The importance of poetry

The arduity project that I’m currently working on has given me more than a few problems. Trying to encourage people to read difficult poetry has led me to describe certain poets and certain poems as ‘important’. This has now become a cliché in my head as well as on the page so I’ve decided to work out what we mean when we say that ‘The Triumph of Love’ is important or that Paul Celan is important.
I’ll start with the importance of poetry as a means of expression. Ever since I read and understood my first ‘adult’ poem I’ve known instinctively that poetry was somehow important but decided not to work out why. This intuitive knowledge is problematic because it is really hard to explain but I can give something of a definition by separating out my notion of importance from that expressed by others. There is a view that poetry is in a privileged position because it can provide a closer indication of the truth than any other form of expression. I reject this view because I have yet to see any empirical evidence to support it and because this claim is the kind of thing that gives poetry a bad name.
My notion of the importance of poetry would rest on the fact that it isn’t prose and that it is incredibly versatile. Not being prose removes the poem from ordinary speech and enables all kinds of devices to give expression to deep emotion and profound ideas. Poetry, at its best, can be both incredibly beautiful and packed with meaning at the same time in a way that other forms of art can only aspire to.
This notion of versatility combined with a kind of strength has stayed with me since I was thirteen when a single line from a poem suddenly made sense. Nothing that I have read or tried to write since has caused me to change my view that poetry is really important but not that important.

So, why is it that I feel that some poets are ‘important’ and others not? I must stress that this isn’t an argument about the canon which (I would argue) has little to do with importance but an investigation as to why I feel that I can make an instinctive judgement  about a poem’s importance before I fully understand it.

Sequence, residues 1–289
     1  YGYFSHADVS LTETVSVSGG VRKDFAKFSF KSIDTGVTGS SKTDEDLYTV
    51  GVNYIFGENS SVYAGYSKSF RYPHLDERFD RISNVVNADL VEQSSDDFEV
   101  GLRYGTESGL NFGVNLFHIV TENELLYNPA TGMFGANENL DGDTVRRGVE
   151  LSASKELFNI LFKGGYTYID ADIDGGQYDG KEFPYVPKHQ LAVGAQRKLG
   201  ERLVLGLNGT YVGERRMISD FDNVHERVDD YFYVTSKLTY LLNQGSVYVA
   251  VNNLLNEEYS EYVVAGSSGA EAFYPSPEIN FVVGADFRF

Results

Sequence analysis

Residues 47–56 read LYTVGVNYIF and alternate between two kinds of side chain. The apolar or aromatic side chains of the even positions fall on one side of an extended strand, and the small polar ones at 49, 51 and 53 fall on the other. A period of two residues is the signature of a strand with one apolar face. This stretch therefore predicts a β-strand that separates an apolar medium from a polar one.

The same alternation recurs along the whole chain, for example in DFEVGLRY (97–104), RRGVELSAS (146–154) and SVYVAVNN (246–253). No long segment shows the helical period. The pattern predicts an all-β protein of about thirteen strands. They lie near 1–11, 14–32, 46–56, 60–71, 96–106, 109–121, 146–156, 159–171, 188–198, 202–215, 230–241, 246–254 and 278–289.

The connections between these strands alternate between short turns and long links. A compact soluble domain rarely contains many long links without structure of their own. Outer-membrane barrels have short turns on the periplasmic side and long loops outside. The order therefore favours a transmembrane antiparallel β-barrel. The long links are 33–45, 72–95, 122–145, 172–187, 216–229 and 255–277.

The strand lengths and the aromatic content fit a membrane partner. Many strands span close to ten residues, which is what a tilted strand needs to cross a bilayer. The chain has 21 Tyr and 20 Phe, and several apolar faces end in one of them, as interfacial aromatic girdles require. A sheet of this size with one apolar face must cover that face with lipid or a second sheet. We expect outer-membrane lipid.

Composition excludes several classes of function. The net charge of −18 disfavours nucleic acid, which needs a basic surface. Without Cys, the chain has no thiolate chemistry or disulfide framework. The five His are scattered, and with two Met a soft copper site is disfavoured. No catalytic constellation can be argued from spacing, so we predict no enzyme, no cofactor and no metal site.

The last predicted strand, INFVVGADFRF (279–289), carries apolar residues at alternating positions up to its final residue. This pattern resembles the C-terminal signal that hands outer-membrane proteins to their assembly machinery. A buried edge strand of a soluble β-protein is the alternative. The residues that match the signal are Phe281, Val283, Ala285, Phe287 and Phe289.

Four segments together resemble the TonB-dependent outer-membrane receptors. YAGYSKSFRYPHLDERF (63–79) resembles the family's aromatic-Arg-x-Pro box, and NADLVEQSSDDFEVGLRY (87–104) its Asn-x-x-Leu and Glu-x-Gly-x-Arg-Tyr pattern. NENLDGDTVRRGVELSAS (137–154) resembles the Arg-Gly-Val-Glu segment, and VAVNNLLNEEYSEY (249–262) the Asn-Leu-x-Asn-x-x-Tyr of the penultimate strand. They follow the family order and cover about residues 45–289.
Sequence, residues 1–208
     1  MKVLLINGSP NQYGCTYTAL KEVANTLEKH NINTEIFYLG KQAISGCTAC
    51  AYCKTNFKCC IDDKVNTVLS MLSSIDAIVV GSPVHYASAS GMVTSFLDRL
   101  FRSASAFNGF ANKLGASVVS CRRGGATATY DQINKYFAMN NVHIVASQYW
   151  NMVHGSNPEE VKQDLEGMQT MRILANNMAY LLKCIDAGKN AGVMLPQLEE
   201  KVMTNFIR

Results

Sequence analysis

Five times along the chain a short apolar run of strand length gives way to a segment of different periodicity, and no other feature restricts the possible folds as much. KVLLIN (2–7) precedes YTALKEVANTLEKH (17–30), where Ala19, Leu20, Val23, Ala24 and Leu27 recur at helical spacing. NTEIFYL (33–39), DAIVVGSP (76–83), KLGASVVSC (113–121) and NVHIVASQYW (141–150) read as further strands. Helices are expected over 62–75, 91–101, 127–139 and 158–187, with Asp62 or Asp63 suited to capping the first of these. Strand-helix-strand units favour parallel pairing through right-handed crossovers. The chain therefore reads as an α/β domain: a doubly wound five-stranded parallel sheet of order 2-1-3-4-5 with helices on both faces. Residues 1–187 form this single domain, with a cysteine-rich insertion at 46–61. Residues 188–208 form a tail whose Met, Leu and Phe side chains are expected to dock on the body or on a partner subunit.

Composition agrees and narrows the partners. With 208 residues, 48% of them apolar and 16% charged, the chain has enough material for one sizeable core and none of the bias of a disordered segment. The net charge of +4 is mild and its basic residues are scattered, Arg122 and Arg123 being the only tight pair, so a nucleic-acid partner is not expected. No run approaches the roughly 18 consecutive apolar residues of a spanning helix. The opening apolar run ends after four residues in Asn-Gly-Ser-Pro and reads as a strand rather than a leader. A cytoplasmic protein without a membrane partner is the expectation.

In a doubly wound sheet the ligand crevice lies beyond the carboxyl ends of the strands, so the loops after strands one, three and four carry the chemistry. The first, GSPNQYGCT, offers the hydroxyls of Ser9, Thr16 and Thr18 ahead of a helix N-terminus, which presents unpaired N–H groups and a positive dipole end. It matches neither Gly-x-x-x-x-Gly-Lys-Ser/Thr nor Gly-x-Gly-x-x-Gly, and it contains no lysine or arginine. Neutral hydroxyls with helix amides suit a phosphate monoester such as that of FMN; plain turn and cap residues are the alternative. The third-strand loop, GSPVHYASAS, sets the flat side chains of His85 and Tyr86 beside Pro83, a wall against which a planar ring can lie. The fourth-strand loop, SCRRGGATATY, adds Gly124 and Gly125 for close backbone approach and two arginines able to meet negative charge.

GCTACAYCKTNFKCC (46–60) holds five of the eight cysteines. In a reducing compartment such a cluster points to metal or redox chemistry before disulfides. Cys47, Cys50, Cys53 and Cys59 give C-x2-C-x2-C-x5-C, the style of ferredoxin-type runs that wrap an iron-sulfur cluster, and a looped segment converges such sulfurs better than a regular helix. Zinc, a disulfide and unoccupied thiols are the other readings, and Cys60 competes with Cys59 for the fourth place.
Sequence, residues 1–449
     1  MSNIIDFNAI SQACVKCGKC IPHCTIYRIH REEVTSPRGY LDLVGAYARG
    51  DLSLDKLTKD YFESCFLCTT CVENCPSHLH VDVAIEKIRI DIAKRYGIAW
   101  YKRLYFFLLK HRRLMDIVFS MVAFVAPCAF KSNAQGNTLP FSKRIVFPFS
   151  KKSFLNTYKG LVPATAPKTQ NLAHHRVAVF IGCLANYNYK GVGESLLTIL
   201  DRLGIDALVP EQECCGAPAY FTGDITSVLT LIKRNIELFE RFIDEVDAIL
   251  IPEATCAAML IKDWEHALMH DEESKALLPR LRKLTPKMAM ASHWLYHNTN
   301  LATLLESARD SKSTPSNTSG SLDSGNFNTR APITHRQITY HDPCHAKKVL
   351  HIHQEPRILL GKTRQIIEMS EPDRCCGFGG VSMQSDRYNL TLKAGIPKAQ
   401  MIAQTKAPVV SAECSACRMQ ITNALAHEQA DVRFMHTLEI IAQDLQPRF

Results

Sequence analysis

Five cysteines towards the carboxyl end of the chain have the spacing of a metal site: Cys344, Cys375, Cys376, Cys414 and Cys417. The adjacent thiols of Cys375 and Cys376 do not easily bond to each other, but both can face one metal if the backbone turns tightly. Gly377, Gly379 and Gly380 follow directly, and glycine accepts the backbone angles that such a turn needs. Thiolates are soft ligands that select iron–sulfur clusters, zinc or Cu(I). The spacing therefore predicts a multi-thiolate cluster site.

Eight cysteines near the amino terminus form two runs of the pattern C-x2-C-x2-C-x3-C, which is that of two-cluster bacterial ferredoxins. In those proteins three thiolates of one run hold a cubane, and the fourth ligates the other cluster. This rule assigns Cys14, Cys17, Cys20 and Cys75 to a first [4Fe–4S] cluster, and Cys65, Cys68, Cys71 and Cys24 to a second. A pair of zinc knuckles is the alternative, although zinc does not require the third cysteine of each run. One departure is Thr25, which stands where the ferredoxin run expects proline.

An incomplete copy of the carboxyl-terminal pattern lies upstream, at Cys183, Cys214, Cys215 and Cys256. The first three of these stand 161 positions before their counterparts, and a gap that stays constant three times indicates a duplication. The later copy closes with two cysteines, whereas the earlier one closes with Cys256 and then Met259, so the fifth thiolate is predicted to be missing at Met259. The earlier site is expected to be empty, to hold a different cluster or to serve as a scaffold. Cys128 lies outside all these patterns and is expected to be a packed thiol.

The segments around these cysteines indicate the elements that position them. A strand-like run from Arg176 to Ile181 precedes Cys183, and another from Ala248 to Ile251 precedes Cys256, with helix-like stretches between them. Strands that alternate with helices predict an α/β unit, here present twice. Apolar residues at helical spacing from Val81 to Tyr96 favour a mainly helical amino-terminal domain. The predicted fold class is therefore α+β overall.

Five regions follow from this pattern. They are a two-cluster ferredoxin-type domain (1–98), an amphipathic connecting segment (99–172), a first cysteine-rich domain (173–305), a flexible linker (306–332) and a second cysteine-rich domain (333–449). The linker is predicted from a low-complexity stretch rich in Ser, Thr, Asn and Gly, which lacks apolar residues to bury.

First of all, poetry has to hold my attention and it has to be honest. This will always weed out about 95% of what’s been written. Heaney isn’t important because he doesn’t hold my attention, Larkin isn’t important because he’s dishonest and manipulative (I could go on).  Muldoon holds my attention but there’s this lurking suspicion that he’s dishonest. Of the Movement poets, I can make the strongest case for Thom Gunn in terms of interest and integrity. Elizabeth Bishop’s work is always interesting and honest and the degree of technical skill marks her out as ‘important’.

Modernist poetry gave poets a whole new set of crayons and the ‘late’ modernists continue to exploit this potential. For all its many faults, modernism did open up the possibilities of poetry and this trend should be seen as important because it represents a major break from what has gone before. Hill, Prynne, Celan, Olson and Matthias have all pushed this potential and produced work that is interesting, honest and complex. Sometimes the crayons don’t quite work as intended but that’s inevitable when something new is attempted and when you’re pushing the versatility of poetry to its limit.

Poetry that is important is poetry that is innovative, complex, honest, technically accomplished and interesting because it stands out from the rest of what is being produced and because it is clear that the poet is deadly serious about making poems.

‘The Triumph of Love’, for example, meets this criteria even if some of the devices used don’t actually work (the faux editorial gloss and the angry response to critics) because other factors more than compensate. Very few people on this planet are more serious about poetry than Geoffrey Hill.

Having written the above, I now have a lurking suspicion that Paul Muldoon might be more important than I thought……

Advertisements

Leave a Reply

Fill in your details below or click an icon to log in:

WordPress.com Logo

You are commenting using your WordPress.com account. Log Out / Change )

Twitter picture

You are commenting using your Twitter account. Log Out / Change )

Facebook photo

You are commenting using your Facebook account. Log Out / Change )

Google+ photo

You are commenting using your Google+ account. Log Out / Change )

Connecting to %s